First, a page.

17:          {
  18:                // Release managed code
  19:          }
  20:          // Release unmanaged code 
  22:          // prevent to call dispose again
  23:          disposed = true;
  24:       }
  25:    }
  26: } 

After review the code you will be probably wondering why we use the parameter “disposing”, before answer it let’s talk about Finalizers.


The Finalizers are intended to release unmanaged resources and are called automatically when the memory of the managed object implementing it needs to be released. This sounds very good, but has some implications that we need to know before implement Finalizers instead of the Dispose pattern. The main problem is that before an object that needs to be finalized is fully released from memory, the GC will need at least two collections. In the first one the GC will mark the object to be finalized, then an external process to the GC will call the finalizer and will let the object ready for garbage collection and finally the GC will clean the object. Next you can see the syntax to implement a Finalizer for the class above.

   1: ~MyClass()
   2: {
   3:    Dispose(false);
   4: } 

As you can see the inside we call the method Dispose we created before, but with the parameter disposing set to false, this is to avoid the cleanup of managed code is performed, since we cannot warranties that managed objects will be available anymore. The Finalizer should not be considered as solution itself but as kind of insurance, the developers using the class described must always call the method Dispose to avoid adding the overcost of calling the Finalizer. 

There is only thing more we should add to the code, if the developer does his homework he will call the method Dispose and would be unnecessary to call it again. If we add the line “GC.SuppressFinalize(this);”, in the paramless Dispose method, we will inform the GC that the Finalizer doesn’t need to be called anymore.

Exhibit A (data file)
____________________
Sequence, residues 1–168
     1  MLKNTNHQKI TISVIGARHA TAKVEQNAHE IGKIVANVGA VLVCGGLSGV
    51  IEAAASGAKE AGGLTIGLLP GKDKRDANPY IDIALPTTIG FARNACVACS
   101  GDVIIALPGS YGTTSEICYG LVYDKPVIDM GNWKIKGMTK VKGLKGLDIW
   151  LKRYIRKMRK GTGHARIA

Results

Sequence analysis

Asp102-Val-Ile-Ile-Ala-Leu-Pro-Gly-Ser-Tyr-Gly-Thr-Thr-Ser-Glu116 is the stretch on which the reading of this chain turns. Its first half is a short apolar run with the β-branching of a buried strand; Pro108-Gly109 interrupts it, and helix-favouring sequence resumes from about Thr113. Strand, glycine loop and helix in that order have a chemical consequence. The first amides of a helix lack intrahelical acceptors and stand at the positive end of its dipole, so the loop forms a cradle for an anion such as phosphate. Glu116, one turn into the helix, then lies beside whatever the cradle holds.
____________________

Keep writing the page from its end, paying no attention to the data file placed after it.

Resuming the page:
Let’s see the full code.

   1: public class MyClass : IDisposable
   2: {
   3:    // tracks calls to Dispose method
   4:    private bool disposed; 
   6:    public void Dispose()
   7:    {
   8:        // Call the overloaded Dispose method with true to indicate it was called by the user's object
   9:        Dispose(true);
  11:        GC.SuppressFinalize(this); 
  12:    } 
  14:    protected virtual void Dispose(bool disposing)
  15:    {
  16:       if (!this.disposed)
  17:       {
  18:          if (disposing)
  19:          {
  20:                // Release managed code
  21:          }
  22:          // Release unmanaged code 
  24:          // prevent to call dispose again
  25:          disposed = true;
  26:       }
  27:    }  
  29:    ~MyClass()
  30:    {
  31:       Dispose(false);
  32:    } 
  33: } 

To use the above class correctly we will need to call the method Dispose, since it is needed to cleanup the resources used, and to be 100% sure that Dispose is called we have two ways to do it: one is with the clause “using” and the other one is surrounding the written code with a try / finally block. I’m a big fan of “using” because when the object goes out of scope it will call the method Dispose for us and the result code is very clean and clear. So I show you here.

   1: // wrong code 
   2: MyClass myClass = new MyClass();
   3: //...
   4: // work with the object created
   5: //...
   6: myClass.Dispose();
   9: // right code
  10: using (MyClass myClass = new MyClass())
  11: {
  12:    //...
  13:    // work with the object created
  14:    //...
  15: }

In the sample above I’ve started with an excerpt marked as wrong code, maybe I’m a bit radical saying that the code is wrong, but in the case an exception is thrown while we work with myClass the method Dispose will not be called, avoiding the cleanup is performed as desired. So, please make use always of the clause using or the try / finally blocks. 


After read the post you can see that the automatic memory management does lot of work for us, but it’s in our hands to help this task is done in the best conditions. There are lot of common sense things to apply in our applications to improve the memory management like:

  • Understand when allocation takes place and allocate as less as possible.
  • Reduce the complexity of the graphs.
  • Don’t call directly the GC, since we hardly will do the collection in a better moment than the GC itself.
  • Call always Close or Dispose on classes supporting it.
  • Release non used COM objects (take a look to the method Marshal.ReleaseComObject )
  • Implement Finalizer only when necesary

I hope from now you can do a better implementation of your .net applications and you don’t need to say anymore that you should force a Garbage Collection.